Okay, so maybe I’m a bit harsh on the Audi A4 Allroad. But that’s really only because it replaces the A4 Avant here in the United States. However, if Audi sold both cars here, I really wouldn’t care about the Allroad at all. In fact, I still actually recommend it to customers over crossovers, as it’s far more car than 90 percent of Americans need. And, to be honest, despite how much I dislike the Allroad for its killing of the Avant, if more people bought Allroads, the Avant might make a comeback.
There’s just a weird, inherent hatred for wagons in America that stops us from buying them. It might have something to do with the fact that wagon drivers in the ‘States were usually the smelly hippie type with strap sandals. But, according to Bloomberg, the Allroad could be the wagon that brings it back.
The Audi A4 Allroad ticks almost all of the boxes that a larger crossover would, except that the Allroad is going to be better to drive and more fuel efficient. Great cargo space? Check. Semi off-road capability? Yep, the Allroad’s got it. More rugged looks than a sedan? Ehh, sort of. To be completely honest, unless someone has a specific need for something as large as a crossover, there’s really no reason to get one over a wagon like the Allroad.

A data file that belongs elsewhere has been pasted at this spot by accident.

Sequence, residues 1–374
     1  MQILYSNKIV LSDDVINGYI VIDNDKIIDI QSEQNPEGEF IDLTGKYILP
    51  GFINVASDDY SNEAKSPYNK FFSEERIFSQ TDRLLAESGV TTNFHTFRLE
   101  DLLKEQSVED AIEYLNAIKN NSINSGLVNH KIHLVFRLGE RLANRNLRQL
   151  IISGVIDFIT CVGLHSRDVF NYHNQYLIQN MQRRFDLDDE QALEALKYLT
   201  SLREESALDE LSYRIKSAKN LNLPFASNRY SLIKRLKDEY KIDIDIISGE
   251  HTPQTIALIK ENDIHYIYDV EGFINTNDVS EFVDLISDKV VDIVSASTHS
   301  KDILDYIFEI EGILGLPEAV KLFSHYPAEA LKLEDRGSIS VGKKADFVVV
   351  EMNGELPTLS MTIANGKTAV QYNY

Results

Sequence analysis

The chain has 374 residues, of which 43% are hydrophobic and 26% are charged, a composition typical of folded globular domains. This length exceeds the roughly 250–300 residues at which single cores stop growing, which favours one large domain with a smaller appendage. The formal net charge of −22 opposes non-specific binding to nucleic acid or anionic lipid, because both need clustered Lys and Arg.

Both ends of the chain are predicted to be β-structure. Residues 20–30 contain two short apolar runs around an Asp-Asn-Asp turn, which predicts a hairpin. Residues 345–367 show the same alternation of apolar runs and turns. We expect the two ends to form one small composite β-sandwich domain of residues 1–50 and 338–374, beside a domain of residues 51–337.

With its 2.0 liter turbocharged I4 engine, making 252 hp and 272 lb-ft of torque, a seven-speed dual-clutch automatic and Quattro all-wheel drive, the Audi A4 Allroad is actually quite good in rough conditions. Bloomberg tested the Allroad during a massive snow storm, accumulating over a foot of snow, and claimed that it handled the snow with aplomb. It’s also comfortable, smooth and quite while doing it.
To be completely honest, we’d rather have and drive the Audi A4 Allroad than an Audi Q3, as that’s about as dull as it gets. The Allroad, despite replacing the beloved A4 Avant, at least is interesting and has character. Just don’t drive one with sandals, it’s an Audi Allroad not a Subaru Outback.